The facade of Bunker Hill's The Broad museum was officially unveiled this morning as workers removed the last of the exterior scaffolding, and things are not looking quite as originally envisioned. The design, by starchitects Diller Scofidio + Renfro, was originally advertised as an "innovative veil" that will activate "two-way views that connect the museum and the street"; today it's been updated to be, well, a bit less innovative.
The design changes are likely related to the difficulties that have plagued the construction of The Broad, most of which can be tied back to that crazy honeycomb facade. Despite a supersized team of structural engineers that Diller Scofidio + Renfro hired to tackle the exterior, the German architectural fabricator that was actually supposed to make the thing fell short and got themselves sued (by developer/philanthropist Eli Broad, whose funding the project in case you couldn't tell).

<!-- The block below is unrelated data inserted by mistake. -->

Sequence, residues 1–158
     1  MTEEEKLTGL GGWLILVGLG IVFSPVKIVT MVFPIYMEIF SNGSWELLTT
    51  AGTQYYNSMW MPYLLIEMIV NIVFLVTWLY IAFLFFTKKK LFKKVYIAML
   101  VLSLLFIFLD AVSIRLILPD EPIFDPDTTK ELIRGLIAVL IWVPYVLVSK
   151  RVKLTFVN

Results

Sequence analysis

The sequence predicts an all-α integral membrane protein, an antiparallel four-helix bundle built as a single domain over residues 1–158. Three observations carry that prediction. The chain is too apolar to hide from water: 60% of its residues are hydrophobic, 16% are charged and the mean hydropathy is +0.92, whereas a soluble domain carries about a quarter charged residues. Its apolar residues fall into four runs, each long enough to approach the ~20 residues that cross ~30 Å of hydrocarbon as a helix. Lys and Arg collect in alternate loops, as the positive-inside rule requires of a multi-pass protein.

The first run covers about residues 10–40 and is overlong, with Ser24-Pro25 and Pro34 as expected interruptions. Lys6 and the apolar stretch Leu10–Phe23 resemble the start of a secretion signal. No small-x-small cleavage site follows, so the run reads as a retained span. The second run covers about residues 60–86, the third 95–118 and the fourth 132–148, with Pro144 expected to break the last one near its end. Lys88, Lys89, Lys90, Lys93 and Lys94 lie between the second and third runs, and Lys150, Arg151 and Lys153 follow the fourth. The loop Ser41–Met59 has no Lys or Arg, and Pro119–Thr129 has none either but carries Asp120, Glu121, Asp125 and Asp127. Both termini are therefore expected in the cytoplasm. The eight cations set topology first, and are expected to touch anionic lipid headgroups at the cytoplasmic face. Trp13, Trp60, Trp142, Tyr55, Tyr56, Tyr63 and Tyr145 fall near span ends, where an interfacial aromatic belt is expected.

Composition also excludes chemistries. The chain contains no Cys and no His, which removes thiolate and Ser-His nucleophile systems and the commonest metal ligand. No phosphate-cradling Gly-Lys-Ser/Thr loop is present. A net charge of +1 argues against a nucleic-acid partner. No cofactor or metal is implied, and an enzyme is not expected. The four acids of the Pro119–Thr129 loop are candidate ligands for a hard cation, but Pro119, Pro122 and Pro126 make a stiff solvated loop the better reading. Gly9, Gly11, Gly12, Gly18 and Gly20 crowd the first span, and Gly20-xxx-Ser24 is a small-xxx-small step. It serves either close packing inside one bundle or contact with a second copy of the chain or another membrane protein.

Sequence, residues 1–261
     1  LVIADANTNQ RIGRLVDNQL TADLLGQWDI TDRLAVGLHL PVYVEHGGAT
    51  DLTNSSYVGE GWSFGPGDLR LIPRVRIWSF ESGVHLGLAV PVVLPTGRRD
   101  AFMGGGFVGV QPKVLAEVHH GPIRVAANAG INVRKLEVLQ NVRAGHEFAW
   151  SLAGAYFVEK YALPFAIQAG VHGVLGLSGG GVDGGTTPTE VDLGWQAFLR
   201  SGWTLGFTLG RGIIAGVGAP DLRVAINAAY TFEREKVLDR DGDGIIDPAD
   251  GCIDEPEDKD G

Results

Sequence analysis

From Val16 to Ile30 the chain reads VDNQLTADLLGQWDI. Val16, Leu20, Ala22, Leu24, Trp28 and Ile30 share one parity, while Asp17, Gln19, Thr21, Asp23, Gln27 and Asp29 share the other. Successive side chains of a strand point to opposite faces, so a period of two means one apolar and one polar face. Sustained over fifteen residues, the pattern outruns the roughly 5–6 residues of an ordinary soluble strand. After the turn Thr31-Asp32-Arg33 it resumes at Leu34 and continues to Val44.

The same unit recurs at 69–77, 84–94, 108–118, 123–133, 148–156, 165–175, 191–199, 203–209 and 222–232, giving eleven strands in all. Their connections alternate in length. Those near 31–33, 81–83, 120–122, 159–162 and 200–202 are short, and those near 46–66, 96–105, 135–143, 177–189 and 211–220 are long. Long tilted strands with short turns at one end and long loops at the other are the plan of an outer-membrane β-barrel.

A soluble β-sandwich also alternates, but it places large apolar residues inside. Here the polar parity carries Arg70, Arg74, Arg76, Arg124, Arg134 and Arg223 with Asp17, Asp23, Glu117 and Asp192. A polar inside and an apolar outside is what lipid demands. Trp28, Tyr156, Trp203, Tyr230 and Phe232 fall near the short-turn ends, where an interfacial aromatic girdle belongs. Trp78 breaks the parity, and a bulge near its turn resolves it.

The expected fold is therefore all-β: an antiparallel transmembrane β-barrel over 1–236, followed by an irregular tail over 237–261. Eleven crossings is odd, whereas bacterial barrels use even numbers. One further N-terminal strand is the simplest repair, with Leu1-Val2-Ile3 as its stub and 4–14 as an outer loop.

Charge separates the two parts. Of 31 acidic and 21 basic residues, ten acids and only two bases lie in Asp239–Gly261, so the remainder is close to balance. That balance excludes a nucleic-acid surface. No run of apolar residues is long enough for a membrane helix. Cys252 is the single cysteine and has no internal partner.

Updated renderings available on The Broad's official site reflect what is actually being built now. The simplified design should help the museum achieve its still nebulous opening date of sometime in fall 2015, but probably won't do much to endear critics who have previous described the design as "creative imagination muted, held back and otherwise reined in."
A press release from The Broad about this morning's debut describes the veil as "a structural exoskeleton comprised of 2,500 fiberglass reinforced concrete panels and 650 tons of steel that drape over The Broad and appear to lift up at the south and north corners to define two street-level entrances." Designs often change after financial or structural realities set in, but it is surprising to see such changes when the facade is being advertised as nearly as important as the artwork that will eventually fill the building.
· Bunker Hill's The Broad Art Museum Will Open in Fall 2015 [Curbed LA]
· What is Holding Up Bunker Hill's The Broad Art Museum? [Curbed LA]